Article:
Though Blacks have often been portrayed as physically threatening, the current Black stereotyping of criminals represents an unusual phenomenon. The evolving criminal image of Blacks appears to be a more threatening image than had been considered in the past. The general criminal tendency, now is taken for granted as a 'biological flaw' of African Americans.
2.2.1 Blacks and Crime: Perceptions and Statistics
For more than a century, this relationship between race and crime in the United States, has served as a topic of public controversy. Crime is on the top of the list of public concerns and the media often portray it in such manner that can affect our attitudes towards the minority groups from our society.
Cesare Lombroso, founder of the Italian school of criminology, argued that criminal behavior was the product of biological factors, including race. He developed a theory according to which, some people were more 'civilized' and others more 'savage'. Black people were grouped obviously in the latter category, along with yellow and mixed group minorities.
Lombroso believed that crime was first of all a manifestation of innate qualities and humans can be grouped as prone to crime only by analyzing their physical characteristics.
For instance, slave holders from United States, began to associate African Americans with crime due to the fact that their physical features seem 'savage'.
As historians have noted, the South part of U.S. has had a higher rate of violence in contrast with other parts. The rise of drug crimes and violence in the inner cities in 1970s and early 1980s, made people to associate black men with 'criminal predators'.
This biological perspective was criticized by the early 20th century scholars, including Frances Kellor, Johan Thorsten Sellin and William Du Bois, who argued that other circumstances, such as social and economic conditions, were the central factors which led to criminal behavior, regardless of race.
Du Bois traced the causes of the disproportional representation of Blacks in the criminal justice system back to the emancipation of Black slaves in general and the convict leasing program in particular. He wrote:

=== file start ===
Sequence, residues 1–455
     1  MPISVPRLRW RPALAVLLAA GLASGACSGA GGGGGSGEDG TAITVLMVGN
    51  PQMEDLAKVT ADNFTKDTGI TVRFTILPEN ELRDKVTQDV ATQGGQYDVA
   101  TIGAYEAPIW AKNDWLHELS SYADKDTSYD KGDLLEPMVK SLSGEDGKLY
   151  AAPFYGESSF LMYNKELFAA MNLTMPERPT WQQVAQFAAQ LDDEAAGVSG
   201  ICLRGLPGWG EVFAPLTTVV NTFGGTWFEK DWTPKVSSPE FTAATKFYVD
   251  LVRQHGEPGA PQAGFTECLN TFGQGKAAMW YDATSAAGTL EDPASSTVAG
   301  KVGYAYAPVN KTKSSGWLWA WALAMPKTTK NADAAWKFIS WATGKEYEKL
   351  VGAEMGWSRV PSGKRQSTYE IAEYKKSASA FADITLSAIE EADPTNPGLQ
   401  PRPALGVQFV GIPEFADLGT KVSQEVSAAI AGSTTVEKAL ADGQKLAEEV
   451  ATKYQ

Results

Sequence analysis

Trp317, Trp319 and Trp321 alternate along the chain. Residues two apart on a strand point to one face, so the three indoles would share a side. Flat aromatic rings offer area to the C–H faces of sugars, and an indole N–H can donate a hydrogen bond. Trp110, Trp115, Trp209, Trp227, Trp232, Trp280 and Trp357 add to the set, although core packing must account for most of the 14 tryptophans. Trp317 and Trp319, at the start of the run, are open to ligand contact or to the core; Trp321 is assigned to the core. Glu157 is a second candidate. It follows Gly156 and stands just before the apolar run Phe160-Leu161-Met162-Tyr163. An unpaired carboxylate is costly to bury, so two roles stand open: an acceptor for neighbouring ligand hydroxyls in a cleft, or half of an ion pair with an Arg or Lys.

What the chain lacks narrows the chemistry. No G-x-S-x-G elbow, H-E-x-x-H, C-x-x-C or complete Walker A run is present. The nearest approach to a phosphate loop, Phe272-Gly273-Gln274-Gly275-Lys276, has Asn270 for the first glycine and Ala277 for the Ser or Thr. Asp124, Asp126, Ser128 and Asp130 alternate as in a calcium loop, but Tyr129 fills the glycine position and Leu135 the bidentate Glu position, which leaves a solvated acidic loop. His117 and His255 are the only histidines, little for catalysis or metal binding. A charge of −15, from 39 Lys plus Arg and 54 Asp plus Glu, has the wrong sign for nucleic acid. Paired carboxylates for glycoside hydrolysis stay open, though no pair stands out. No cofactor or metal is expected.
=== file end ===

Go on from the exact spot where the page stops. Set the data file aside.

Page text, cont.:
'There are no reliable statistics to which one can safely appeal to measure exactly the growth of crime among the emancipated slaves. About seventy per cent of all prisoners in the South are black; this, however, is in part explained by the fact that accused Negroes are still easily convicted and get long sentences, while whites still continue to escape the penalty of many crimes even among themselves. And yet allowing for all this, there can be no reasonable doubt but that there has arisen in the South since the [civil] war a class of black criminals, loafers, and ne'er-do-wells who are a menace to their fellows, both black and white'. (1901:147)
Moving on to crime statistics in the recent years, although African-Americans did not surpass the actual number of Whites in nationwide arrests, their presence in these statistics has been greater than their representation in the general public.
For example, according to the survey made by the U.S. Department of Justice in 2004, Blacks composed approximately 13% of the U.S. population. But in 2002 they accounted for 38% of arrests for violent crimes and nearly 30% of arrests for property crimes. Juvenile arrest statistics indicate that during the same year, Black youth accounted for approximately 43% of arrests for violent crimes and 27% of arrests for property crimes.
In 2008 there were approximately 14,180 victims and 16,277 perpetrators of murder and non-negligent homicide reported by law enforcement agencies to the FBI. The following table presents the racial demographics of murder in the United States for 2008:
African Americans, constituting approximately 12% of the general population, were significantly overrepresented in the total arrests made. African Americans were also significantly overrepresented in victimization, representing 47.8% of all murder victims.
Murder in White American and African American populations were overwhelmingly intraracial, with 83% of all White victims and 90% of all Black victims having been murdered by individuals of the same race.
Secondly, for non-lethal violent crime, law enforcement agencies made arrests for rape, robbery and aggravated assault. The following table presents the racial demographics of these non-lethal violent crimes in the United States for 2008:
(U.S. Department of Justice, Federal Bureau of Investigation, Criminal Justice Information Services Division. 2008)
As it is showed in the table, white Americans were arrested more times than Black people in 2008, making up 58.3% of all arrests. White Americans, constituted approximately 79% of the total population, while though, African Americans constituted approximately 12% of the population, and made up 39.4% of all arrests for non-lethal violent crimes in the same year.
Thirdly, regarding white-collar crime, there have been arrests by enforcement agencies for forgery and counterfeiting, fraud and embezzlement. The following table presents the racial demographics of these white-collar crimes in the United States for 2008:
(U.S. Department of Justice, Federal Bureau of Investigation, Criminal Justice Information Services Division. 2008. Retrieved 07 October 2009)
White Americans were arrested again more times Blacks for these white-collar crimes in 2008, making up 67.4% of all arrests. African Americans were significantly overrepresented in forgery/counterfeiting, fraud and embezzlement, making up nearly 30.9% of all arrests.